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An application model is a graphical representation of a business or IT application, and the relationship of the infrastructure components (that is, devices and groups) that are required to support or provide functionality to the application. A device is any computer that needs to be managed in order to deliver an IT application, and a group is a selected set of devices or monitors, determined by your operating needs

The following figure is an example of an application model:

Example of an application model

In the example, kidsbookstore represents the entire application, which is a logical entity that provides a service to the end user.

The end user requests information from the first node, bookstore, which represents a web server. The web node is the point where the end user enters the application.

The web server depends on the next node, warehouse, which represents an internal service that fulfills a business need. This business server is not directly exposed to the end user.

The data storage node, bookstore-data, is where data is stored and accessed by the internal service.

The lines between the nodes represent their dependencies.

Manually created application models

In the Operations Management console, an application specialist can manually create application models using devices and groups from BMC TrueSight Infrastructure Management, or devices discovered by BMC TrueSight App Visibility Manager, or a combination of components. In a manually created application, you can create the model and define the relationships and dependencies between the components. An application that is manually created in the console generates events based on the event conditions that are specified with the devices.

For information about creating applications, see Creating an application manually.

Automatically discovered application models

BMC TrueSight App Visibility Manager automatically generates models for the web-based applications that are monitored by App Visibility. As transactions flow between monitored servers—that is, servers with an App Visibility agent installed—App Visibility maps out the flow between the application nodes. If a monitored node enlists the service of a non-monitored node, such as a database or messaging service, nodes for these items are added to the application model. The name of an automatically discovered application is based on the application URL.

If your application uses a load balancing server or cluster to distribute operations among several servers with the same business need, App Visibility creates a group for the application servers.

The model changes dynamically as the application interacts with nodes, adding new nodes to the application model, and removing nodes from the model after 24 hours of inactivity.

The assignment of an application server as a web or business node depends how the App Visibility agent recognizes most of the transactions on the server:

  • Web: A monitored server where most transactions are Transaction­-type requests, that is, the server is the first to receive transaction requests within an application. For example, a web server that mostly receives end-user transaction requests, or a server that mostly receives requests from a non-monitored component (such as a PHP server), is recognized as a web node.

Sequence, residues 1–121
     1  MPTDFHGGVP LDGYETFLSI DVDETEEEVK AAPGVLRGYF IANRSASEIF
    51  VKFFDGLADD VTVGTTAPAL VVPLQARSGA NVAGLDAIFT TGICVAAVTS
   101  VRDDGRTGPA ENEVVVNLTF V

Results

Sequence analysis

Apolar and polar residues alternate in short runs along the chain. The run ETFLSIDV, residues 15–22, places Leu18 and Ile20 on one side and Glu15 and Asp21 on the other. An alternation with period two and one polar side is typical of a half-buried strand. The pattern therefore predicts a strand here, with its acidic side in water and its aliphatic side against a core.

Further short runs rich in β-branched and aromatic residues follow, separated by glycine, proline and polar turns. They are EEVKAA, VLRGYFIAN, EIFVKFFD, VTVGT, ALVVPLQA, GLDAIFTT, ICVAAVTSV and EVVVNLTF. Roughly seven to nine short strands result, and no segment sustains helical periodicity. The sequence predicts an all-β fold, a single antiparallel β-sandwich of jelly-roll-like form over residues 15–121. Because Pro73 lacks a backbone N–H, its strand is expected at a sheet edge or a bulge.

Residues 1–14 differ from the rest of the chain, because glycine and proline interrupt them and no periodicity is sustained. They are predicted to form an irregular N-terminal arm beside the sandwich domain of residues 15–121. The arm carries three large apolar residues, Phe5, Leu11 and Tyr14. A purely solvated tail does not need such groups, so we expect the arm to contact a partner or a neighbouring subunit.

• Business: A monitored server where most transactions are Request-type requests, that is, the server receives most requests from a monitored server.

For information about fine tuning automatically discovered applications, see Configuring application discovery.

Events and event propagation in application models

An event is an indication of a threshold that has been exceeded, such as for high CPU use or for latency on a transaction on a server. The severity of an event depends on the configured levels of the different thresholds on the node. If an event is associated with a specific device or group, the severity of an event is displayed on the relevant node in the application model. The severity level of a node in the application model is determined by the event with highest severity.

The nodes in application models are dependent on one another. When you create a model, you determine the dependency and whether the event status is propagated—that is, whether the status of a "lower" node influences the status of a "higher" node, and, ultimately, the status of the application. (If you do not connect the nodes, or if events are not propagated, then the node status has no impact on the status of the application.) In an automatically created model, the nodes are automatically dependent and events are automatically propagated.

For information about events and applications, see the following topics:

Advantages of application models

Application models in BMC TrueSight Operations Management offer the following advantages:

  • Create and maintain application models in the Operations Manager console.
  • Keep models up to date with App Visibility, which adjusts models automatically with your changing environment.
  • A single application model represents all the objects in your IT infrastructure. You do not have to depend on any other software to create or view the application models.
  • Visualize multiple applications in a single dashboard.
  • Perform probable-cause analysis across all objects, across multiple servers, and on a single screen.
  • Cross-launch to other TrueSight products to drill-down to the actual cause of the problem.
  • Manage events and devices in the context of a selected application.

Related topics

Application context

Setting up applications for monitoring

Getting started with application monitoring